As you know, if you’ve been reading my blog, I have been working on a Medicare appeal to fight what I considered to be an early discharge from Medicare in late July when my dad was in rehab for a pelvic fracture. I had appealed twice and had lost those appeals and was about to go before an Administrative Law Judge to hear my case on November 3rd, when I learned about the 60-day rule.
IT IS VERY IMPORTANT TO KNOW ABOUT THIS RULE.
When my dad fell again at the end of September and fractured his hip, which required hip replacement surgery and another round of rehab, I assumed that Medicare would consider this a separate incident. With each incident, I thought, a person is covered 100% for 20 days and then from day 21 until day 100, a co-pay is charged. If you have secondary insurance, that insurance pays the co-pay.
I assumed that since this was a different body part injured and that it was injured in a completely different time frame (and in his case, a different state), that the clock would re-set and he would have another 100 days to use for his hip replacement recovery. NOT TRUE.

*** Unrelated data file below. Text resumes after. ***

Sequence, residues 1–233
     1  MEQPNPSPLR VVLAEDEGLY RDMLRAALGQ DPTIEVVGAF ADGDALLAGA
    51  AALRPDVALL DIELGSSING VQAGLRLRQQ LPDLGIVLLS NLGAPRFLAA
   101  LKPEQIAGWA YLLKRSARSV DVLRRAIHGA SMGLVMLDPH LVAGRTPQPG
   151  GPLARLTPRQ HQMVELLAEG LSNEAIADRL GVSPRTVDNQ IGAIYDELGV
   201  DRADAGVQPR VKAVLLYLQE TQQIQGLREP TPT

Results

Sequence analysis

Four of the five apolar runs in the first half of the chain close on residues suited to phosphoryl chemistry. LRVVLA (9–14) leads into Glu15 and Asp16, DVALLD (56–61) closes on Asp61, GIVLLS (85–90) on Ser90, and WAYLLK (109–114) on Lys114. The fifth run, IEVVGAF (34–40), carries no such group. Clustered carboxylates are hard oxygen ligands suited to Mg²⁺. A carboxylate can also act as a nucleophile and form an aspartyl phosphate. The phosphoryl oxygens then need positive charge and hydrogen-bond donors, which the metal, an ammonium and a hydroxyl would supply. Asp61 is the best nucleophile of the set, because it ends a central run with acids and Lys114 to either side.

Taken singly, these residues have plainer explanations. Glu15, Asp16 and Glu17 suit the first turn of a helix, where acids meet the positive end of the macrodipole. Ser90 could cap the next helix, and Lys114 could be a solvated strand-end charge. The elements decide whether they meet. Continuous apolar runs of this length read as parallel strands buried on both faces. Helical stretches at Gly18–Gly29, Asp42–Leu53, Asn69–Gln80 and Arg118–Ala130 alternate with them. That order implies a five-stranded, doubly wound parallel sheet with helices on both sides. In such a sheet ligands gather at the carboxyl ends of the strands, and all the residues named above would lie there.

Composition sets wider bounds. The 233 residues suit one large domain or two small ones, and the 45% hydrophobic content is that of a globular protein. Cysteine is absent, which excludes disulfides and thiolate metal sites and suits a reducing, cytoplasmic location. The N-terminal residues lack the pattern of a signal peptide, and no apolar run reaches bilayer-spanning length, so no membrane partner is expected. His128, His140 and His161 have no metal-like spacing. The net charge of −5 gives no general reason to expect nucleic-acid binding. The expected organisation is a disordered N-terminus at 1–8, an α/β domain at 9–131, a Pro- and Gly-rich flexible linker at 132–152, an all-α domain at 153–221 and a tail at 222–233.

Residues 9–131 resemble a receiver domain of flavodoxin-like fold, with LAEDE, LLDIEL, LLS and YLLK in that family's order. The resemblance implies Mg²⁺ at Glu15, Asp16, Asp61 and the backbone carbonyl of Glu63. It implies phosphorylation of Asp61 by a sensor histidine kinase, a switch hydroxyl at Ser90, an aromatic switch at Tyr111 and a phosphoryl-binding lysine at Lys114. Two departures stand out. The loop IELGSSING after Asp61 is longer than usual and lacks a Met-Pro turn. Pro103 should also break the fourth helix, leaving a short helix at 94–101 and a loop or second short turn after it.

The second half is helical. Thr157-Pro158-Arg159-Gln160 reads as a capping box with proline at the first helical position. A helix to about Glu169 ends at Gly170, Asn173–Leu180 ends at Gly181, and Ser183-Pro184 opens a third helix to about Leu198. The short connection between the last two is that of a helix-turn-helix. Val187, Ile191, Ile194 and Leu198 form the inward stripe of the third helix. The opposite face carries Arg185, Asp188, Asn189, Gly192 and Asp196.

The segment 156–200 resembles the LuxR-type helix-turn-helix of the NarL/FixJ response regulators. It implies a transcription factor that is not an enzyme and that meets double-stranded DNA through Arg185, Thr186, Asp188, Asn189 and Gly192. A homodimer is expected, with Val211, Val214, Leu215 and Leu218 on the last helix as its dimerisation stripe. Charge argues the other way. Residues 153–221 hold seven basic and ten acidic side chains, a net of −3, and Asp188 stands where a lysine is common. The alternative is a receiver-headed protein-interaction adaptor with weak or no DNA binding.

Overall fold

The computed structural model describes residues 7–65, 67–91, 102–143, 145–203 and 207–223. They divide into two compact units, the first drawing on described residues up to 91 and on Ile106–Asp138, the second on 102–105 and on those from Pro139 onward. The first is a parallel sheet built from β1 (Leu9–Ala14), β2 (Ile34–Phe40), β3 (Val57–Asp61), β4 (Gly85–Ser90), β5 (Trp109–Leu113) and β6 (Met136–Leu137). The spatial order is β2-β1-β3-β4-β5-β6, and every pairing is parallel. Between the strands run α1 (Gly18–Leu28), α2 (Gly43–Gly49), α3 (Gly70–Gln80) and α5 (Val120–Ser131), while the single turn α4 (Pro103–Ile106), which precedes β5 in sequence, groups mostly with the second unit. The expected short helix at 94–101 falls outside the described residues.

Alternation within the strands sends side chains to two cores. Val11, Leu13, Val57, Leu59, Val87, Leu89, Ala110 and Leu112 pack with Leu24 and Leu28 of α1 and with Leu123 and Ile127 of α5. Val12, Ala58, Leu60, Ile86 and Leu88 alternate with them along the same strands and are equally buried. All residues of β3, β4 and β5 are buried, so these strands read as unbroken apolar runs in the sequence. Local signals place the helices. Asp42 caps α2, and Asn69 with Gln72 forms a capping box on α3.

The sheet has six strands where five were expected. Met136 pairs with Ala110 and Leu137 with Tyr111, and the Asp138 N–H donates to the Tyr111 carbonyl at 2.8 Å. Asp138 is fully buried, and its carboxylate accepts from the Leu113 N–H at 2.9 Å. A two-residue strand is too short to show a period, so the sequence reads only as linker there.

MEDICARE RULES STATE THAT YOU HAVE TO BE OUT OF THE SYSTEM FOR 60 CONSECUTIVE DAYS FOR THAT CLOCK TO RESET. Otherwise, they just lump the second fall into the first and you are allowed to use whatever the balance of days you have left. In my father’s case, it would have been less than 60 days.
As I was just about to ship off my documentation to the Administrative Law Judge, I learned of this rule. Amazingly, I learned of this rule because someone posted a story on Facebook about their own parent’s circumstance in response to reading my last blog post. This is exactly what I envisioned when I started this blog.
I CAN HELP YOU AND YOU CAN HELP ME. Please share this blog with your friends and family. Information is power.
I will now withdraw my appeal to Medicare for the last incident. Fighting for that extra week in July would mean that he would have been out of the system only 54 days. If I leave things alone, he’ll have been out of the system for 61 days, and therefore eligible for the full 100 days.